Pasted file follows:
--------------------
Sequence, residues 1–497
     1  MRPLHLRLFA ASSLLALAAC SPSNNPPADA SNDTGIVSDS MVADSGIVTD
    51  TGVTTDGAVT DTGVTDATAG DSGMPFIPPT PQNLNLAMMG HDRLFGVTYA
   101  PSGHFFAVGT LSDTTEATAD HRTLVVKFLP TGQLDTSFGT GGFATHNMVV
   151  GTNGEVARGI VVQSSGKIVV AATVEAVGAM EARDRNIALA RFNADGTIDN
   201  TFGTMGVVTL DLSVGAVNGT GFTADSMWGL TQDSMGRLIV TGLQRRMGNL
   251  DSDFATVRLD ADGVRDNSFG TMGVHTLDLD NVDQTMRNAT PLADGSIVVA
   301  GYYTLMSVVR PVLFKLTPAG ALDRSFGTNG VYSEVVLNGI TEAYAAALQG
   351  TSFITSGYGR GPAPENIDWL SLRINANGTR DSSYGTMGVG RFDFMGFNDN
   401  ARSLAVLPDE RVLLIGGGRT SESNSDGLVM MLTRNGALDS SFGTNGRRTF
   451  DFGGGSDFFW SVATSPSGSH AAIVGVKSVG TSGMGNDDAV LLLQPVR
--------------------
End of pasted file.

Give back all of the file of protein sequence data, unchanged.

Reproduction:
Sequence, residues 1–497
     1  MRPLHLRLFA ASSLLALAAC SPSNNPPADA SNDTGIVSDS MVADSGIVTD
    51  TGVTTDGAVT DTGVTDATAG DSGMPFIPPT PQNLNLAMMG HDRLFGVTYA
   101  PSGHFFAVGT LSDTTEATAD HRTLVVKFLP TGQLDTSFGT GGFATHNMVV
   151  GTNGEVARGI VVQSSGKIVV AATVEAVGAM EARDRNIALA RFNADGTIDN
   201  TFGTMGVVTL DLSVGAVNGT GFTADSMWGL TQDSMGRLIV TGLQRRMGNL
   251  DSDFATVRLD ADGVRDNSFG TMGVHTLDLD NVDQTMRNAT PLADGSIVVA
   301  GYYTLMSVVR PVLFKLTPAG ALDRSFGTNG VYSEVVLNGI TEAYAAALQG
   351  TSFITSGYGR GPAPENIDWL SLRINANGTR DSSYGTMGVG RFDFMGFNDN
   401  ARSLAVLPDE RVLLIGGGRT SESNSDGLVM MLTRNGALDS SFGTNGRRTF
   451  DFGGGSDFFW SVATSPSGSH AAIVGVKSVG TSGMGNDDAV LLLQPVR